Whether you are in the early stages of building your retirement nest egg or you are lucky enough to have already accumulated a significant amount of assets in tax-preferential accounts, this could be a good time to consider having some of the funds located in after-tax or “Roth” accounts. Tax-diversification allows for greater flexibly when it comes to withdrawal strategies, and it can save lots of hard earned money down the road.
Even if you spent some years diligently saving and growing money in a Traditional IRA, it is not too late to take steps to enjoy the benefits of a Roth IRA. Currently, there is no income limitation to this strategy, so even if you are phased out of Roth IRA contributions, you are still eligible to make a Roth Conversion.
If you are subject to Required Minimum Distributions (RMDs), you probably have heard that the requirement is waived for 2020 due to the Coronavirus Aid, Relief, and Economic Security Act (CARES Act). If you are older than 72 and you have taken a distribution from your IRA within 60 days, you can roll it back into your traditional account or you can convert it to a Roth IRA.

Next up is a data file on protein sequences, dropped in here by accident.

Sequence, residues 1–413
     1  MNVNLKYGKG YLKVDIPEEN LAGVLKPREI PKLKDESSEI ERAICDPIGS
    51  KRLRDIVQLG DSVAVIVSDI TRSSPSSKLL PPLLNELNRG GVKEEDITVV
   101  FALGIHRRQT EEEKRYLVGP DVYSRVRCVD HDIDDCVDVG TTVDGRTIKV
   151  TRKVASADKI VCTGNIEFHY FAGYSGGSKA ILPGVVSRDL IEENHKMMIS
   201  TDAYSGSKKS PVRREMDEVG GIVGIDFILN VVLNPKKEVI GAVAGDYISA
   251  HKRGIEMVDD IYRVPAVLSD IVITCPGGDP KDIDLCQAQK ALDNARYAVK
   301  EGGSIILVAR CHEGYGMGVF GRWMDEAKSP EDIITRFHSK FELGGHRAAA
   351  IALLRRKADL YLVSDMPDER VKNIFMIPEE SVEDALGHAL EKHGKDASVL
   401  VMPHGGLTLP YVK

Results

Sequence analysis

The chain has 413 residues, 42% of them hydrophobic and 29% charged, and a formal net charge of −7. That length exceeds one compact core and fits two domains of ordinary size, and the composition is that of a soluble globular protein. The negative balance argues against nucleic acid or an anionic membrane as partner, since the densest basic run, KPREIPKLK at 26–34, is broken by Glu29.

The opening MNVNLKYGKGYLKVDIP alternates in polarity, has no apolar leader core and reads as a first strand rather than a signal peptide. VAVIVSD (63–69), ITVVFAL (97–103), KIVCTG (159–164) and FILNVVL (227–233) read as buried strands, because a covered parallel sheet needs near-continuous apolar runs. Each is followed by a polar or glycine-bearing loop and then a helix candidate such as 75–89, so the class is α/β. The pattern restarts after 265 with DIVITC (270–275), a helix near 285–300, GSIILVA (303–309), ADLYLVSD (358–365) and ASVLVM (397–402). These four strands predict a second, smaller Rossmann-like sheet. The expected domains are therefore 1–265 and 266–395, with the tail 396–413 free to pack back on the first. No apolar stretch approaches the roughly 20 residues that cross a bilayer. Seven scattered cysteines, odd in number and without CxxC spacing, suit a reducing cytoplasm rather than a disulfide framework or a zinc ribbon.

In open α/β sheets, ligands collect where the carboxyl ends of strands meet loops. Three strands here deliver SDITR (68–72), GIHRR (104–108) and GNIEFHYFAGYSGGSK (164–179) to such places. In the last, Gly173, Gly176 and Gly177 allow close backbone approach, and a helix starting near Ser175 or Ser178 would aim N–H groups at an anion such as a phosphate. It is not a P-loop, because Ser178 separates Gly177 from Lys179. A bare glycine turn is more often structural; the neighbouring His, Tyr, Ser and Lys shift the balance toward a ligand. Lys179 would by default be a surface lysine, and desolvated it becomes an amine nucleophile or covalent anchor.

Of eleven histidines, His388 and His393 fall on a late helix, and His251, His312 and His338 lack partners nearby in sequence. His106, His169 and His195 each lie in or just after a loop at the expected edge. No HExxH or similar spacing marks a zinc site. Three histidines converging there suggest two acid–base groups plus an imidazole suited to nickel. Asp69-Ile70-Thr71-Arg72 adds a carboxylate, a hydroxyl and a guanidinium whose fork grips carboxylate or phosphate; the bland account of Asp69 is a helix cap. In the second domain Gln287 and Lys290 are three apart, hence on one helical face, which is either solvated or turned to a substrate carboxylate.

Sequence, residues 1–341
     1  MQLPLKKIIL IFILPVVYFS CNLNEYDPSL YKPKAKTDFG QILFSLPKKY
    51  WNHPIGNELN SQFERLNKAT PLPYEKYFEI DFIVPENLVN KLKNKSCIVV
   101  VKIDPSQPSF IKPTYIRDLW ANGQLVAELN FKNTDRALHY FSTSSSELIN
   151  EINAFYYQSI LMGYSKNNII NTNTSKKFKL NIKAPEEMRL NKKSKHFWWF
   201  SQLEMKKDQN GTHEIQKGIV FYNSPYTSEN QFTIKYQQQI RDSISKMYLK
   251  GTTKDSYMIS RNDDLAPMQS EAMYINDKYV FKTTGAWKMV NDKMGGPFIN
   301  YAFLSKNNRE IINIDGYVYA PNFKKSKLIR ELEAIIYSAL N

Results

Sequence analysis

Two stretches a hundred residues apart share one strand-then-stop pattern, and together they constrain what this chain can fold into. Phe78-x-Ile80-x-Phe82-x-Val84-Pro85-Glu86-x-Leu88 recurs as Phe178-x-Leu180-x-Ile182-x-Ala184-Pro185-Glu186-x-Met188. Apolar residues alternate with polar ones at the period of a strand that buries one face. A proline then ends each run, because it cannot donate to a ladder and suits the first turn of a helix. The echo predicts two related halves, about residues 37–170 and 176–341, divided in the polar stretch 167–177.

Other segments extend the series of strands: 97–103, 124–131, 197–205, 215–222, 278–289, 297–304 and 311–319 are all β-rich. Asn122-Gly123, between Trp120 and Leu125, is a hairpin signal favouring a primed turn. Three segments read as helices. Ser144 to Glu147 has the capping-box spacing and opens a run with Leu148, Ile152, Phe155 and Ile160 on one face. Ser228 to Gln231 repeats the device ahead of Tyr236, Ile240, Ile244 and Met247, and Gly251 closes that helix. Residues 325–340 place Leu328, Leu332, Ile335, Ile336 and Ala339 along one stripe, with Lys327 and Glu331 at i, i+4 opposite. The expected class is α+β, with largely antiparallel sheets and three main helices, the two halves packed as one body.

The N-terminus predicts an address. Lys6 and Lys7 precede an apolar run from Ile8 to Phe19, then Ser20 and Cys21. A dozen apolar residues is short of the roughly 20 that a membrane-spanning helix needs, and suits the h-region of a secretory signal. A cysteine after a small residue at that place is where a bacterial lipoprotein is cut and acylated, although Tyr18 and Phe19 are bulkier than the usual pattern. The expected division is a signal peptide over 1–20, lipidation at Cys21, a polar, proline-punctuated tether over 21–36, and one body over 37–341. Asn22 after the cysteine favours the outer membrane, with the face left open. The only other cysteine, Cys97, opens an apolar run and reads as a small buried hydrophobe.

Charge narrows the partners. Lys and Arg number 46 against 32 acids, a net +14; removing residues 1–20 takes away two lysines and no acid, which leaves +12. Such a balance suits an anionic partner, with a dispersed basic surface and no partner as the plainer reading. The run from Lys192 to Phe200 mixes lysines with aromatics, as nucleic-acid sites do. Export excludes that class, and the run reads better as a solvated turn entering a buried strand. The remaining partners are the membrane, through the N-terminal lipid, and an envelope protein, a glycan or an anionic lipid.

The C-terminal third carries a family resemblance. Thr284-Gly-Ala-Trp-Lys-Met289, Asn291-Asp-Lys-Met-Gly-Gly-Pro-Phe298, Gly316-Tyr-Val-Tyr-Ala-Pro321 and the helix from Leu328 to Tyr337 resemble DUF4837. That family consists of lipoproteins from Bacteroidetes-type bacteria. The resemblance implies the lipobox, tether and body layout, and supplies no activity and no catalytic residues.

What makes this a great time to consider a conversion?
Converting when the market is low adds an additional bonus to the transaction. Nobody has a crystal ball to predict the stock market’s direction, but historically a crash is followed by a recovery. You are essentially paying taxes on a lower market value, and whatever is converted keeps growing tax-free for as long as you are able to let it grow. Remember, one of our favorite parts about a Roth accounts is that under current law you are not required to take RMDs.
What would be the reasons NOT to do a conversion this year?
The amount you are converting is considered taxable income, and, if you are anticipating this year to be disproportionally high in terms of taxable income, for example you sold your company this year, this may not be a good time for the move. There are other reasons that may be specific to your goals and financials, so it is advisable to consult your CPA or your financial advisor before converting, as it is no longer permissible to “undo” the conversion.”